The Sims 2: Castaway (DS)
Hmm, the previous Sims 2 game on the DS I played, I wasn’t too impressed with. However, this one promised to be something different, so I thought, why not? It remained to be seen if it was worth the experience, or if the game should be… cast away.
The game is initially told through a visual novel type thing, which charts your Sim’s arrival at the island, although it is very short. Once you’re on the island, the story is told through four other Sims which you meet and have to do tasks for, although this can be accomplished very quickly. You do get a bit of backstory to the other Sims, but again, it’s told through pictures rather than text, and there isn’t much of it.
Beyond that, you’re only given the goal of escaping the island, and once that’s done, the game enters open play, where all that needs to be done is complete the collections and find every item, and possibly craft yourself the best shelter that you can.
Overall, the main meat of the game is very short, and it’s disappointing.
Okay, the main OST for this game is nothing amazing; the music has a slight “tropical” bouncy theme to it. It’s a bit repetitive however. Although, saying that, the sounds of the animals breaks it up slightly, and there is a shift in the music when the time changes from day to night, which stops it from being as bad as it could have been.
The Sims themselves speak in the standard babbling Simlish that would be expected from a handheld Sims game, and it’s the usual unintelligible mutters. However, it would be unusual if this changed, so that’s not too much of a bother.
After previous Sims games on the DS (Urbz, Sims 2), which looked to be straight ports from the GBA, I didn’t have high expectations for this game. However, I was pleasantly surprised to see that the graphics in this game were much improved on the older games.
The backgrounds to the areas were wonderfully detailed, and even though you couldn’t explore them, it did look as though there was depth to the areas, especially in the rain forest areas.
The characters however aren’t that detailed, I mean, okay you can easily enough identify each character, but owing to the size of the character models, that’s about it.
Some collectable items are also difficult to distinguish from the ground, either because the items aren’t that remarkable, or because of how small they are, or because they blend in well with the background, however, eventually they do get picked up.
There was no multiplayer option this game, that I’m aware of.
Honestly, I would say there was no challenge to this game, it was mainly a waiting game played with waiting for certain crafting materials to spawn in order to progress through the game. Most of the time, progression in this game felt like it was left to chance – yes, you need some nails in order to craft this one object in order to finish the current objective, but good luck with waiting for those nails to randomly show up in the spawn point for them!
There was a slight bit of challenge involved in having to take into account cleanliness of clothing, which impacted on the hygiene rating of your Sim, but this was fairly simple once the area to create new clothing was unlocked and the ability to wash clothing was available.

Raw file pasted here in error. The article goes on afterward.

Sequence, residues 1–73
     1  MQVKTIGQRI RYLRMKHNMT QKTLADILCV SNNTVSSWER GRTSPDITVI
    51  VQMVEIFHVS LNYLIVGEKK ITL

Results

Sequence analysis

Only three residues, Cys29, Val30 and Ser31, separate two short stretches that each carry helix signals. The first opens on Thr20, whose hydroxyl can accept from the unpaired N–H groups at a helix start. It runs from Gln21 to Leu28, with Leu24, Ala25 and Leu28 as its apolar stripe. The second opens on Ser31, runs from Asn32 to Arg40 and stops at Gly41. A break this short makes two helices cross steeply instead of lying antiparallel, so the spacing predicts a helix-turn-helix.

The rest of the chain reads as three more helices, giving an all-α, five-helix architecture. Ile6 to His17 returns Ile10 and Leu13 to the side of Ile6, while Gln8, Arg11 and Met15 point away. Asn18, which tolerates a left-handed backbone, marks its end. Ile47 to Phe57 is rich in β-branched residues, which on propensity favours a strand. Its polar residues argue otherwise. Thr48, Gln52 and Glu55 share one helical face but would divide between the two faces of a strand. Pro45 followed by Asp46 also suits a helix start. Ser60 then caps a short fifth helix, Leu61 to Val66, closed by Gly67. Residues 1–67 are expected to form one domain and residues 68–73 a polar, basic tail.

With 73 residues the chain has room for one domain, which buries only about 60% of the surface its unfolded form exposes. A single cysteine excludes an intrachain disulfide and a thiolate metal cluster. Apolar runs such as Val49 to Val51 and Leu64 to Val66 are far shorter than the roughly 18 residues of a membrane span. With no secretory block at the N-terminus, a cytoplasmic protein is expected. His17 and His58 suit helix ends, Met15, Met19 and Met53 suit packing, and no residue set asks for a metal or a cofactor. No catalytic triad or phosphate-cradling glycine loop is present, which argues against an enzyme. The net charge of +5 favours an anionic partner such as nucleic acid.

Overall, the game wasn’t particularly challenging, but then again, I never really expect the handheld Sims games to be so.
The gameplay is fairly standard for the handheld Sims games – you’re given one character to control, and tasked with keeping all eight motives up with what’s available. However, this game makes keeping on top of motives slightly harder as this time, rather than going to buy objects which are needed, for example, a bed for energy; you have to gather items in order to craft these objects.
This results in the game feeling more as if progress is dependent on what items you randomly obtain from the spawning areas each day – which is irritating. I’ve known a play through of this game to be done and over in a dozen in-game days, to taking a couple of hundred in-game days, all because I was at the mercy of the RNG.
Unlike the other handheld games, this game also forces you to take into consideration cleanliness of clothing, which impacts on the hygiene and comfort mood meters – this is all well and fine once you get to the stage in the game where you can unlock the item to clean clothing, or again, rely on the RNG for crafting new clothing. All quite irritating.
I will give the game, as far as the crafting side went, there must have been a couple of hundred different things to make, and there was definitely a good two hundred different objects to gather, which did appeal to me. However, collecting the items often feels like a chore depending on how lucky you are when it comes to the random spawning of items.
It’s a strange one, this. On one hand, I quite enjoy the crafting aspect of the game, and the collecting of items, and therefore I’m quite happy to play through the game for that. On the other hand, the randomness of the RNG does my head in; therefore I’d rather not pick the game up and have to deal with it…
I also think it’s a real shame that there aren’t more characters to meet in game – seriously, only something like five people on that ship which got wrecked? I think having more to do on the social side of things may have improved the replayability of this game.
Another thing which definitely impacts on this game is how brief the main game actually is, and how few quests there are to complete – if I’m going to replay a game, I’d rather have one I can spend some time on, not one which I got get through in the space of an afternoon.
Replay Value: 3
Pick it up for a brief spell, but ultimately, I think you’ll be finding that this game is better cast away.
Written by Karen